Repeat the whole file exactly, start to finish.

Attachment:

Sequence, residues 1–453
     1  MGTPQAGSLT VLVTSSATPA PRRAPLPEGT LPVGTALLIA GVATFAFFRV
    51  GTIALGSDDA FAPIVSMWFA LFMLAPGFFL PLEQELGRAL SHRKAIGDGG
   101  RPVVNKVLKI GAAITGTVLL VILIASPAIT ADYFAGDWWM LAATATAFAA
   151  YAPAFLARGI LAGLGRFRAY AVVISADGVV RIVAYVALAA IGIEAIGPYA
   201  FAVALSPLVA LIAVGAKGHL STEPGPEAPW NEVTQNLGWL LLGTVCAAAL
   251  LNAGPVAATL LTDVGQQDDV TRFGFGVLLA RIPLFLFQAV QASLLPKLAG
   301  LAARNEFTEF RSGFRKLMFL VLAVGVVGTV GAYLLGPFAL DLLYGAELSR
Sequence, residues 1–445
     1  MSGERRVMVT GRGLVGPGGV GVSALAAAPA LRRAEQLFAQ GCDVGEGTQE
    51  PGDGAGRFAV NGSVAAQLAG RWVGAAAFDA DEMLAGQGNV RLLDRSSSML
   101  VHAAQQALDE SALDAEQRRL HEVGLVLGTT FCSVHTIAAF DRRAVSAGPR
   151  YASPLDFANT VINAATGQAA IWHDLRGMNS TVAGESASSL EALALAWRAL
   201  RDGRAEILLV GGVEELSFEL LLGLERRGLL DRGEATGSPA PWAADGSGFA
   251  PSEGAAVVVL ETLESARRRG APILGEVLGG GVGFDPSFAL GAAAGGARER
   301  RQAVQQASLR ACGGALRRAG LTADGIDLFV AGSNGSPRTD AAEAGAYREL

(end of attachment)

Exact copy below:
Sequence, residues 1–453
     1  MGTPQAGSLT VLVTSSATPA PRRAPLPEGT LPVGTALLIA GVATFAFFRV
    51  GTIALGSDDA FAPIVSMWFA LFMLAPGFFL PLEQELGRAL SHRKAIGDGG
   101  RPVVNKVLKI GAAITGTVLL VILIASPAIT ADYFAGDWWM LAATATAFAA
   151  YAPAFLARGI LAGLGRFRAY AVVISADGVV RIVAYVALAA IGIEAIGPYA
   201  FAVALSPLVA LIAVGAKGHL STEPGPEAPW NEVTQNLGWL LLGTVCAAAL
   251  LNAGPVAATL LTDVGQQDDV TRFGFGVLLA RIPLFLFQAV QASLLPKLAG
   301  LAARNEFTEF RSGFRKLMFL VLAVGVVGTV GAYLLGPFAL DLLYGAELSR
Sequence, residues 1–445
     1  MSGERRVMVT GRGLVGPGGV GVSALAAAPA LRRAEQLFAQ GCDVGEGTQE
    51  PGDGAGRFAV NGSVAAQLAG RWVGAAAFDA DEMLAGQGNV RLLDRSSSML
   101  VHAAQQALDE SALDAEQRRL HEVGLVLGTT FCSVHTIAAF DRRAVSAGPR
   151  YASPLDFANT VINAATGQAA IWHDLRGMNS TVAGESASSL EALALAWRAL
   201  RDGRAEILLV GGVEELSFEL LLGLERRGLL DRGEATGSPA PWAADGSGFA
   251  PSEGAAVVVL ETLESARRRG APILGEVLGG GVGFDPSFAL GAAAGGARER
   301  RQAVQQASLR ACGGALRRAG LTADGIDLFV AGSNGSPRTD AAEAGAYREL